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Can we decide a conjecture is decidable without knowing a conjecture is correct or false?

I asked this question because I assume that the millenium prize problem is already to be decidable, otherwise the mathematician would need to consider infinity numbers of cases in order to get the money or the question's logic makes it a fake question.

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What do you mean by "infinity numbers of cases"? –  Willie Wong Jun 15 '12 at 16:18
    
@WillieWong - If i am not mistaken, if a problem is decicible, then it only have a limited possiblity to consider –  Victor Jun 15 '12 at 16:20
    
@Victor: What exactly do you mean by "limited possibility to consider"? Note that "decidable sets" (sets $S$ for which there is an algorithm that will tell you in finite time, given $n$ whether $n$ is in $S$ or not) can be infinite, and describing the entire set may, in principle, require you to do infinitely many things (even if you only need to do finitely many for each integer). –  Arturo Magidin Jun 15 '12 at 16:51
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We need to be very clear and precise, so let me flood you with a bunch of definitions.

If we are talking about "decidable" and "undecidable", we are talking about formal systems.

In a formal system, we have primitive notions (undefined terms and relations/functions among them), axioms, rules of inference, and "grammatical rules" that tell us when a sequence of symbols is a well-formed formula.

A well-formed formula $F$ is provable in the formal system if there is a finite sequence of well-formed formulas such that each term of the sequence is either an axiom, or a consequence of previous formulas in the sequence that follows from the valid rules of inference, and such that the last term of the sequence is $F$.

We say a well-formed formula $F$ is decidable in the formal system if and only if either $F$ is provable, or its negation $\neg F$ is provable. It is undecidable otherwise.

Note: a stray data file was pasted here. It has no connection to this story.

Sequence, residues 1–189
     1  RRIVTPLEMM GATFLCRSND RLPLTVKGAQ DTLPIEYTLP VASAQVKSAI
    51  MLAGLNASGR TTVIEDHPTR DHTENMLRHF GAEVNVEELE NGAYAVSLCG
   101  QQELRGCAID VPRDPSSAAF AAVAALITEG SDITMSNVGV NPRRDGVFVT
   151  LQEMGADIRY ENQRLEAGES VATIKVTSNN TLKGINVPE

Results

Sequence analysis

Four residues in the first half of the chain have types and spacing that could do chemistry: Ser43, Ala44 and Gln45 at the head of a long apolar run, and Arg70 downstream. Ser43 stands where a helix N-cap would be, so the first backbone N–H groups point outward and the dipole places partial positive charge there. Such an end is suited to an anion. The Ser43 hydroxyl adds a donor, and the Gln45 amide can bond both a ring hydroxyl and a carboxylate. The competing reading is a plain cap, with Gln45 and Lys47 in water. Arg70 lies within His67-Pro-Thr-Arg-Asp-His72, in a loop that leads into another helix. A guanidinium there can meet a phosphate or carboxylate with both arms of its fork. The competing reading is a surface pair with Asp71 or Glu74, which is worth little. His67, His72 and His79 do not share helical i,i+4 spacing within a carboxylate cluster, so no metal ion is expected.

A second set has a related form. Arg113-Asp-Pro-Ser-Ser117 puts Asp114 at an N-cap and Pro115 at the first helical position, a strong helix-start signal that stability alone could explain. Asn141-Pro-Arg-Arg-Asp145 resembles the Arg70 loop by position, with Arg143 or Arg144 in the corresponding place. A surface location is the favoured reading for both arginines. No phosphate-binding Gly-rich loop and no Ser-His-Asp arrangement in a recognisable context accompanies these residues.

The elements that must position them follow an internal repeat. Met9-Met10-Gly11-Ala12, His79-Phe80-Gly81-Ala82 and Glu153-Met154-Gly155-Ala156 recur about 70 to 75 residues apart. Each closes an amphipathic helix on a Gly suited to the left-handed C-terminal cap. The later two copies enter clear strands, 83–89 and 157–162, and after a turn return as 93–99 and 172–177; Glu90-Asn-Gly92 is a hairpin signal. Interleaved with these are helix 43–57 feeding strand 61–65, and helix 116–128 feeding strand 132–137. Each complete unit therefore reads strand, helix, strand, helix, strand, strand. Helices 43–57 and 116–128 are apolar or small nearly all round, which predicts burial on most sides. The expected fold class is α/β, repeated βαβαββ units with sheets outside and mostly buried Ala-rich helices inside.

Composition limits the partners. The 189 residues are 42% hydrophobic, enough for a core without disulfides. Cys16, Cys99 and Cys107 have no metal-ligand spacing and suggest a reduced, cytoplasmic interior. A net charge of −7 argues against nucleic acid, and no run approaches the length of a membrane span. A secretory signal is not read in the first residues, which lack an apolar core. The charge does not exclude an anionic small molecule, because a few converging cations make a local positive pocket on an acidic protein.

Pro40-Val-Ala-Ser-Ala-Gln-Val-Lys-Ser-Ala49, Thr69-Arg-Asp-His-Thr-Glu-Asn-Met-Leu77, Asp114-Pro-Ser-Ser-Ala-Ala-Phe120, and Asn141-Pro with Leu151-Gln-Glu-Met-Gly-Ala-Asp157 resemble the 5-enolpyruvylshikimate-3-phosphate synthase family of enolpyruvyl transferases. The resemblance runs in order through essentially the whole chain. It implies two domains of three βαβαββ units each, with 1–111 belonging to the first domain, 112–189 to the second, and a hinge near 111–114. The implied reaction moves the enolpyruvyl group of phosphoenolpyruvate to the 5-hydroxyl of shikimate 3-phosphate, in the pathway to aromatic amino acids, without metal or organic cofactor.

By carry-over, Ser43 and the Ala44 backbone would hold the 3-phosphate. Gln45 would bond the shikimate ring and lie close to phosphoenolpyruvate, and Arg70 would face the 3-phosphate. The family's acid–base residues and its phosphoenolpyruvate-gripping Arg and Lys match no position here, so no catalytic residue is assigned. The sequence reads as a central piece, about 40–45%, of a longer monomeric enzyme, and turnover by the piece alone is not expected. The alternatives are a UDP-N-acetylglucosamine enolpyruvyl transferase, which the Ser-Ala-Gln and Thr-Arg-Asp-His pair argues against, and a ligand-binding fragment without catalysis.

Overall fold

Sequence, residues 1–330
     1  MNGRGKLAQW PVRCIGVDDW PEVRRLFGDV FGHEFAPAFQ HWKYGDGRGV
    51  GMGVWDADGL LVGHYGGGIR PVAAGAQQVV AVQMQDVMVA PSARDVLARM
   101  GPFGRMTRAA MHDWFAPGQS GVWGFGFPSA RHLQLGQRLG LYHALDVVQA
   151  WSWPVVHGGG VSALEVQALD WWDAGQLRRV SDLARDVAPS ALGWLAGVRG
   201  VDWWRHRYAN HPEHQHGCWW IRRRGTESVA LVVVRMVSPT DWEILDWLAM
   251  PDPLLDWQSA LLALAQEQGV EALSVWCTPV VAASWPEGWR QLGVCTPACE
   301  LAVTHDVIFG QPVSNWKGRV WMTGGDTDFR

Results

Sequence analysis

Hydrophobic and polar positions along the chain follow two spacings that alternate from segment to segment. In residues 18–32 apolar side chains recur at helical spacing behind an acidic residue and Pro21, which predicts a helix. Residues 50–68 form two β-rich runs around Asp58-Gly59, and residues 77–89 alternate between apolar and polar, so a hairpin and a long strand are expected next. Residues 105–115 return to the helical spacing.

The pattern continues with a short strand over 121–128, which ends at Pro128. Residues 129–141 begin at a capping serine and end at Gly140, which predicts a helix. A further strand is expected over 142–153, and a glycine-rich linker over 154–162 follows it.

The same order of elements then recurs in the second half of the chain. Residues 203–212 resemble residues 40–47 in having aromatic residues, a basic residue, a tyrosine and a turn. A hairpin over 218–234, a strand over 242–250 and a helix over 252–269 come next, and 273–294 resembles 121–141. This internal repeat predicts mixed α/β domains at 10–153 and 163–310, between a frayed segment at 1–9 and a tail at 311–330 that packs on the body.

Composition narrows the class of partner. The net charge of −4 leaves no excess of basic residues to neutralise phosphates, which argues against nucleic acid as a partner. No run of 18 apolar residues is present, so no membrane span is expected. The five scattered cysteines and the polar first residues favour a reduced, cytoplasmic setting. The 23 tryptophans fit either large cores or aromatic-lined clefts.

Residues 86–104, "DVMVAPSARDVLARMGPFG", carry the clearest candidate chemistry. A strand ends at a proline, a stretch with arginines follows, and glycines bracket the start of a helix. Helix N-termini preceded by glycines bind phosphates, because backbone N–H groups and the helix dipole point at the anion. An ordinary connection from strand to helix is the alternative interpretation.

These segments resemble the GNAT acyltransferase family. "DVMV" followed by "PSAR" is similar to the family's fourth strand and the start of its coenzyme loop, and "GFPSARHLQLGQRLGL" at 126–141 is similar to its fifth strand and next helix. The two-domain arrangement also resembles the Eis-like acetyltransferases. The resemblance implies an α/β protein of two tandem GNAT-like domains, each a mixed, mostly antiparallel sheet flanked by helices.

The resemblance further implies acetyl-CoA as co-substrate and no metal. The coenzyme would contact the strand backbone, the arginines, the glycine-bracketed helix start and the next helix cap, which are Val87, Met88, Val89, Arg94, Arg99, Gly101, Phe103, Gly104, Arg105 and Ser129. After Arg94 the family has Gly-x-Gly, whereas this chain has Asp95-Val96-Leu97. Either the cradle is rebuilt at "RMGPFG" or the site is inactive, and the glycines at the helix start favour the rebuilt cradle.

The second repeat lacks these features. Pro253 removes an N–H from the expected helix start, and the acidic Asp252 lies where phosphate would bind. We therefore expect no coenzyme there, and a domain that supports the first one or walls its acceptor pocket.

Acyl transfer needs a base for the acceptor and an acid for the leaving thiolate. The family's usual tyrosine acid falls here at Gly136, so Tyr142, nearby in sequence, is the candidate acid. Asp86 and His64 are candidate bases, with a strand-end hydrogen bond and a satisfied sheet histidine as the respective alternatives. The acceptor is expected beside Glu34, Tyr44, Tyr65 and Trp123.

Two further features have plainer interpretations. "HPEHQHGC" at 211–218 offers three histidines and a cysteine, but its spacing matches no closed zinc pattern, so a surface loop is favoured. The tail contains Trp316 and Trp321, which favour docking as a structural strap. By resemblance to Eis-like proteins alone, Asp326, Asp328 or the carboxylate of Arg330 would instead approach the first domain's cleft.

A model of a formal system is a specific interpretation of the primitive terms that makes the axioms true.

A formal system is consistent if and only if it has at least one model.

It is a theorem of first order logic that a well-formed formula $F$ is provable in an axiomatic system if and only if $F$ is true in every model of the system. In particular, $F$ is undecidable if and only if there are models of the system in which $F$ is true, and there are models of the system in which $F$ is false.

Now, notice that while "decidable" and "undecidable" and formal notions: they refer to whether or not a particular formula can be formally deduced from the axiomatic system. By contrast, "true" and "false" are semantic notions: they depend on the meaning (the model) of the terms, and not only on their formal properties (which are given by the axioms and the rules of inference).

In a sense, showing that a formula is undecidable means showing that it is neither true nor false... rather, that it's truth or falsity will depend on the interpretation we give to the terms. A classical example is the Continuum Hypothesis: there does not exist an infinite subset of $\mathbb{R}$ that is not bijectable with either $\mathbb{N}$ or with $\mathbb{R}$. Turns out this is neither true nor false, it is undecidable (assuming Set Theory itself has models): there are models of set theory where it is true, and there are models where it is false. You have one theory in which you can assume it as an axiom, and another theory where you assume its negation as an axiom (in fact, infinitely many theories, one each for what different kinds of such sets there might be).